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Doggedly manipulative and yet consistently affecting, Broken piles on the miserablism to almost unbearable effect. Working from Daniel Clay’s novel, director Rufus Norris recounts the tumultuous coming-of-age of an open-hearted 11-year-old girl (Eloise Laurence) who lives in a North London cul-de-sac. An opening scene in which Rory Kinnear’s punch-happy father attacks Robert Emms’ mentally handicapped simpleton proves a bit of stunning out-of-the-blue violence. That brutality is soon revealed to be a natural facet of the milieu, which is populated by angry, depressive working-class people trying to mend what can’t be set right. While Tim Roth’s father struggles to get over his wife’s abandonment, Cillian Murphy’s teacher tries to win back the heart of Zana Marjanovic (especially once she becomes involved with Roth), and Laurence attempts to navigate burgeoning romantic feelings—and ensuing questions and fears about sex—with boyfriend George Sergeant.


Norris begins by blending Laurence’s past, present, and future via Roth’s memories and fantasies, and that fragmented structure drives Broken. Per its telling title, the film splinters its narrative, both to create dramatic friction and, more fundamentally, to convey the shattered condition of its characters. While this tack is more than a tad heavy-handed, it also results in a series of beautifully evocative sequences that capture Laurence’s simultaneous agony and yearning. Though more than one composition visually beheads actors at the very moment of joy, the film nonetheless maintains glimmers of hope amid the confusion and gloom that encompass these figures, left to punch, scream, and wail at the circumstances that undermine their tenuously stable lives.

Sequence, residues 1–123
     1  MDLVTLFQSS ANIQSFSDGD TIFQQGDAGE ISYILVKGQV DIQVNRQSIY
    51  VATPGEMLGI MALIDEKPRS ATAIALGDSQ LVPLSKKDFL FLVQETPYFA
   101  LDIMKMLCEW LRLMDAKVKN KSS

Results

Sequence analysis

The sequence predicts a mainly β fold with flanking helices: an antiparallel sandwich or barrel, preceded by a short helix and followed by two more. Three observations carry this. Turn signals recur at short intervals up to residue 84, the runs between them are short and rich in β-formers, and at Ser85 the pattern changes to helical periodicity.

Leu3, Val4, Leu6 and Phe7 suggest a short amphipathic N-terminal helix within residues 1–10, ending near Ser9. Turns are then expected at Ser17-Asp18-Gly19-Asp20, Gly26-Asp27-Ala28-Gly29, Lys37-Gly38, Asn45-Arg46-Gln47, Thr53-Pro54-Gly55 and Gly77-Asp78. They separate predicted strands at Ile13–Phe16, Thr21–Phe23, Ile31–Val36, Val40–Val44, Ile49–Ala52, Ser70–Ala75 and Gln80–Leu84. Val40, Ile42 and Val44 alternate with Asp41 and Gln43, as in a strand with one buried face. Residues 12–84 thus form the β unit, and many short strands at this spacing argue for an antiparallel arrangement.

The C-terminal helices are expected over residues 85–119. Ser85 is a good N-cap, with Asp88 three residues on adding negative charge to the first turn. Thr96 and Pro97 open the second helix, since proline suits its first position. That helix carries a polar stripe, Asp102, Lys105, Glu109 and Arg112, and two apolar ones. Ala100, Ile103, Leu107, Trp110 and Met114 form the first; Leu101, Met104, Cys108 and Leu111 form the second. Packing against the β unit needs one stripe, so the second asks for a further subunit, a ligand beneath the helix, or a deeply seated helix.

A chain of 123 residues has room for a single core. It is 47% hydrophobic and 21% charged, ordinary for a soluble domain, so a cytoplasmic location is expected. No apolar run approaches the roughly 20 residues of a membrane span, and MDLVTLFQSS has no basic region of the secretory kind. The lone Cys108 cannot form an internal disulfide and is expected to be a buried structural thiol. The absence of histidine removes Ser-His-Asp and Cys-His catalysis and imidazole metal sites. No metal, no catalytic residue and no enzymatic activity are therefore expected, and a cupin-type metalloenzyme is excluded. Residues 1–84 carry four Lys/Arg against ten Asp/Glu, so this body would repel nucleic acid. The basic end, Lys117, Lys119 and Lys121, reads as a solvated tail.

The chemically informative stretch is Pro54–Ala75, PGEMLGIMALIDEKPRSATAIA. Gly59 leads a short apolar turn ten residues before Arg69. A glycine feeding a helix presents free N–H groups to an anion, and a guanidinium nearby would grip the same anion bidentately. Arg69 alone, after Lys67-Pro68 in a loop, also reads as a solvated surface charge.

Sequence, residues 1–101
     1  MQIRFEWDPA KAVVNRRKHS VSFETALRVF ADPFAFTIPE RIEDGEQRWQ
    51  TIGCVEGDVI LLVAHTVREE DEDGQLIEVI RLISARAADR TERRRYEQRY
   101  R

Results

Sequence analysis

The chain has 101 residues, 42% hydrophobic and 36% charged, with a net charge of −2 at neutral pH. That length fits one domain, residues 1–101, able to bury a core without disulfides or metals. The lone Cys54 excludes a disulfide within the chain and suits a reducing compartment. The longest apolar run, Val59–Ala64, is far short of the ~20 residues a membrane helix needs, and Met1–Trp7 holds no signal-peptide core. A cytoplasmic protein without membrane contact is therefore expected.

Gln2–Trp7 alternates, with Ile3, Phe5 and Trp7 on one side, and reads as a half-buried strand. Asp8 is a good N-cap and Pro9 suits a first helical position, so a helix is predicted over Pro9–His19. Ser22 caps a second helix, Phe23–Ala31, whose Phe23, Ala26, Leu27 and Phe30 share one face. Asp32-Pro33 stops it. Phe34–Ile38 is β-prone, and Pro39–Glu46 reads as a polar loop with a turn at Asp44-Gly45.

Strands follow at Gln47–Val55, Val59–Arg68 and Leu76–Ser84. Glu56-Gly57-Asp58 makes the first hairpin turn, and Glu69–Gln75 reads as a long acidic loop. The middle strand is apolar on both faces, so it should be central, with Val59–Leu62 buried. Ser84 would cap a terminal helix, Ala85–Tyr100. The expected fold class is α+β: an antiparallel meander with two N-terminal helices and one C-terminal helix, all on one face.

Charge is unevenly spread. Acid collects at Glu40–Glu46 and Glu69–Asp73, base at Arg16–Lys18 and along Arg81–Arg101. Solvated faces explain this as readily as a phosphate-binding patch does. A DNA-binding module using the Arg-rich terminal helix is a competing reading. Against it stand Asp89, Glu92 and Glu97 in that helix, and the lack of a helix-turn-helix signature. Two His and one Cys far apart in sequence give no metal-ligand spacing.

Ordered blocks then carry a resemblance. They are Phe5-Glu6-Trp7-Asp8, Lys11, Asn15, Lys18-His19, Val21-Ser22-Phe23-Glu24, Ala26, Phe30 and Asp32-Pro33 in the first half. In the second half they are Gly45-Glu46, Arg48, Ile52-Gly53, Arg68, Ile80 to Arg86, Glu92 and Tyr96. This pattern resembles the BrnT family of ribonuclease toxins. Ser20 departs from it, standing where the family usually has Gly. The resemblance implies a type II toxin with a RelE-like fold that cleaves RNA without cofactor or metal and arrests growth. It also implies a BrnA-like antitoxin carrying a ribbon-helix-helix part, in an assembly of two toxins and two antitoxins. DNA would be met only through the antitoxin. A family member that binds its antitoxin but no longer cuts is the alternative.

Overkill is a recurring problem for Broken, which doesn’t know when to quit—especially in a climax that, unsurprisingly, given the preceding bleakness, dives headfirst into morbid territory. More problematic, however, is that much of the tragedy feels unearned, especially since some of these wounded individuals—in particular Kinnear’s rage-aholic father, who can’t go five minutes without punching someone—aren’t fleshed out enough to carry the weight of their stories’ sorrow. And yet even if some of the players never transcend two dimensions, there’s a grace to Norris’ overarching, expressionistic portrait of the way regret, resentment, and fury often conspire to foster only more of the same. Everything culminates with a closing sequence of shared father-daughter catharsis that shamelessly but effectively tugs at the heartstrings.

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